13        A summary of investigative work can be found in appendix A, below.


The table below shows the success rate of investigations and levels of savings achieved through counter fraud work in 2023/24.



(As at 31/01/24)


(Target: Full Yr)


(Actual: Full Yr)

Amount of actual savings (quantifiable savings - eg repayment of loss) identified through fraud investigation




% of investigations completed which result in a successful outcome (for example payments stopped or amended, sanctions, prosecutions, properties recovered, housing allocations blocked)





Caseload figures for the period are:



(As at 31/01/24)


(Full Year)

Referrals received



Number of cases under investigation



Number of investigations completed



Number of verifications completed[3]



The chart below shows the proportion of different case types under investigation as at 31 January 2024.





Work completed or in progress

Fraud detection and investigation

The service promotes the use of criminal investigation techniques and standards to respond to any fraud perpetrated against the council. Activity to date includes the following:

·         Adult Social Care fraud The team has completed three investigations in this area and five are ongoing. Fraud in this area relates to deprivation of capital, financial abuse, direct payment fraud, and abuse of position. Investigative work has assisted the council to recover £85k to date.

·         Housing fraud – There are fourteen investigations ongoing in this area. The majority of cases relate to sub-letting and abandonment of council properties, but the team also investigates false applications to the Housing Register, for Right to Buy purchases, and for Homelessness. Fifteen investigations have been completed to date.

·         Internal fraud investigations – Four internal fraud investigations have been completed. There are five ongoing.

·         External (or third party) fraud – Fraud in this area relates to financial scams perpetrated against the council, eg mandate fraud or cybercrime. Four investigations have been completed and one is ongoing.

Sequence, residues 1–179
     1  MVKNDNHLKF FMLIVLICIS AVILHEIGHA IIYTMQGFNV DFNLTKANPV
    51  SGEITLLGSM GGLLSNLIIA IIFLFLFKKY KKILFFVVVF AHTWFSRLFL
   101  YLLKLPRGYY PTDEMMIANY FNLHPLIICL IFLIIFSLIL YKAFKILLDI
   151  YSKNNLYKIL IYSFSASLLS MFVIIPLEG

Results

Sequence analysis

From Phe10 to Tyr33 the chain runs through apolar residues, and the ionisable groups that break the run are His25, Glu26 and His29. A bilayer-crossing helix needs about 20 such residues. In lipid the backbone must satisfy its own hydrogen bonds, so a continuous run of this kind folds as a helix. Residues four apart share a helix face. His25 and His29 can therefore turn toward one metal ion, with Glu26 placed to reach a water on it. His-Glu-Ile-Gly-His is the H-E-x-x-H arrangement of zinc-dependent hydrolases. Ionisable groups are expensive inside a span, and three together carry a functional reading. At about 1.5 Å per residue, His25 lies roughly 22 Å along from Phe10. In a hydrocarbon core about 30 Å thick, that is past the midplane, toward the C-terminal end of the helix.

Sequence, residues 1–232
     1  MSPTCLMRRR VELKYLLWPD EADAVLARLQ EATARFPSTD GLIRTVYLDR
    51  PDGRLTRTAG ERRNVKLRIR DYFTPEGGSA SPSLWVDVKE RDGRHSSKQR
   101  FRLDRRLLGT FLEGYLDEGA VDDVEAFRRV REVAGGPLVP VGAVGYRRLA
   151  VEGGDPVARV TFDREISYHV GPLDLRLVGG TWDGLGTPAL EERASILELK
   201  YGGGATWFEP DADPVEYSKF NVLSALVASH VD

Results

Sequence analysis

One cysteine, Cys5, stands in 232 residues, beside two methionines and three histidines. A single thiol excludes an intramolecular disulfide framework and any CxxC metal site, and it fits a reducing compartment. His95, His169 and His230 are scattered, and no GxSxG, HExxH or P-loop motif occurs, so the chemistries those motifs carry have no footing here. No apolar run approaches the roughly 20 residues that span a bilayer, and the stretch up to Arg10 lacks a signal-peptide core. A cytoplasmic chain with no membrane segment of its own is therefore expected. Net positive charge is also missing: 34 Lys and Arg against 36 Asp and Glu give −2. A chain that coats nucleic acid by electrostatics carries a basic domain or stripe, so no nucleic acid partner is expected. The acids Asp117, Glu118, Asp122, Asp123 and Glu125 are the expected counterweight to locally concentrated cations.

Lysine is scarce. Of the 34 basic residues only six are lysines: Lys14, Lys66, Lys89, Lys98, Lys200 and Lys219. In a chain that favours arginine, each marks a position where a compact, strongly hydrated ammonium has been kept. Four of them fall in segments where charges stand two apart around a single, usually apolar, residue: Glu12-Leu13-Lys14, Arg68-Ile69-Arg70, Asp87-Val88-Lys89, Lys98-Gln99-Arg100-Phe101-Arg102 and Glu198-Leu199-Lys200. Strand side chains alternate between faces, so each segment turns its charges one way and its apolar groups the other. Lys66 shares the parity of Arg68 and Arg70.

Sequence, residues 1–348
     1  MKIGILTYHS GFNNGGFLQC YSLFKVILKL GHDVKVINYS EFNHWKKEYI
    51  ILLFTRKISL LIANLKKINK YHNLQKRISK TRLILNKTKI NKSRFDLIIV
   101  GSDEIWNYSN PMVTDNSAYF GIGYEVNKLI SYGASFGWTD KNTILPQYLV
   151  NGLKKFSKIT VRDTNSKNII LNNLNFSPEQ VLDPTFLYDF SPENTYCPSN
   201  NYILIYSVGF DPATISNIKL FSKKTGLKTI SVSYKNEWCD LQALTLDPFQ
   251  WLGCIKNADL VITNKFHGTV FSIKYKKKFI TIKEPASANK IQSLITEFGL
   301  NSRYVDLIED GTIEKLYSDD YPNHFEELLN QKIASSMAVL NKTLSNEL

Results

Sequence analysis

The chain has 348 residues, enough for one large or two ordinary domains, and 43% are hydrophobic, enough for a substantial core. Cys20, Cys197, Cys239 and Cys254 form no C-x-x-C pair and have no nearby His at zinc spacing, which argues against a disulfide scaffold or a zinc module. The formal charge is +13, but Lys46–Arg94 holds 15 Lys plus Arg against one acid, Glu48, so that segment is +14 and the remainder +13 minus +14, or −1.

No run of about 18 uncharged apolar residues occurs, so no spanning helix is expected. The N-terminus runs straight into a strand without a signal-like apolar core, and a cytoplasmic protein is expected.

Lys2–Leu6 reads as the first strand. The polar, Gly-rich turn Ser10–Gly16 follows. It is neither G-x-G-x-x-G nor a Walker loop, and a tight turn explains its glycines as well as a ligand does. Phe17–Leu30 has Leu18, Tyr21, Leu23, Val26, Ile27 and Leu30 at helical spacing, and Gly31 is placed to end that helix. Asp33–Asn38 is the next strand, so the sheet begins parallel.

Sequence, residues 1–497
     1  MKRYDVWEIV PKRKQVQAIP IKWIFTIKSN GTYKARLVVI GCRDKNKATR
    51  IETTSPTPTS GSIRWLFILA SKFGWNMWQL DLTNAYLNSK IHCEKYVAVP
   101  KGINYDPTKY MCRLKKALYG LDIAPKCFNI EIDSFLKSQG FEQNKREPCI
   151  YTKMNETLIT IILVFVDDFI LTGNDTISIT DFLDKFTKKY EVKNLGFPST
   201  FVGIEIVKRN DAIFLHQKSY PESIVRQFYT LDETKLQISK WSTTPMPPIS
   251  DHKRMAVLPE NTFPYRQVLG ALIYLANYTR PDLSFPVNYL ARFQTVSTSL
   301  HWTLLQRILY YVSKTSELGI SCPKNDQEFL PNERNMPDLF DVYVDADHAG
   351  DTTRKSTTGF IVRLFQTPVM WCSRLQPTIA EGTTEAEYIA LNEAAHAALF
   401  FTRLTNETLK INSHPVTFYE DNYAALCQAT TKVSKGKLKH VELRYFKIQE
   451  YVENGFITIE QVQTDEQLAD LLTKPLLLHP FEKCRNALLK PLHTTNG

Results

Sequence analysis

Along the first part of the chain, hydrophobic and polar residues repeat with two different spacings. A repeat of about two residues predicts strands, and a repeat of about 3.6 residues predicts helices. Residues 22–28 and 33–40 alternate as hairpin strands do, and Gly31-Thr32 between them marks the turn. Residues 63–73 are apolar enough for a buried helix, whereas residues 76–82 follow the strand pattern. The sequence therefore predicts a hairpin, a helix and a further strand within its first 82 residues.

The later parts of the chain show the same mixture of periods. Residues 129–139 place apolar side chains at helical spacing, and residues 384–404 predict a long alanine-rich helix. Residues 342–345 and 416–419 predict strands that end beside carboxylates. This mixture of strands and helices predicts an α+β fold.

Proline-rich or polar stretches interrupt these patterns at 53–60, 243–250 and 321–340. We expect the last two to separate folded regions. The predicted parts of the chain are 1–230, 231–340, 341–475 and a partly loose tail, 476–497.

·         Council Tax Support fraud – Twenty council tax support (CTS) investigations have been completed and there are twenty-two cases under investigation. Fraud in this area can occur when claimants provide false information when they apply, or fail to declare changes to their circumstances, relating to income or capital. Seven CTS claimants have received formal warnings in 2023/24. Work in this area has resulted in £27k of savings for the council.

·         Council Tax and business rates fraud Council Tax fraud often involves households falsely claiming single person discount, however other types of discounts can also be abused. Business rate fraud relates to false or incorrect claims for discounts like small business rate relief. Fourteen investigations have been completed this year and ten are ongoing.

·         Parking fraud – Parking fraud usually relates to blue badge abuse however, there have been a rising number of investigations of misuse of residential parking permits by owners of holiday lets. Thirty-two investigations have been completed – twenty relating to blue badges and twelve to parking permits. Three people have been successfully prosecuted and nine others have received formal warnings for the misuse of blue badges. Eleven holiday let owners have had their residential permits removed, six of whom were also issued with formal warnings.


[1] Tackling fraud and corruption against Government, National Audit Office

[2] As at the end of the financial year (ie 31/03/2023)

[3] Verification cases are reviews of applications for Right to Buy and school placements.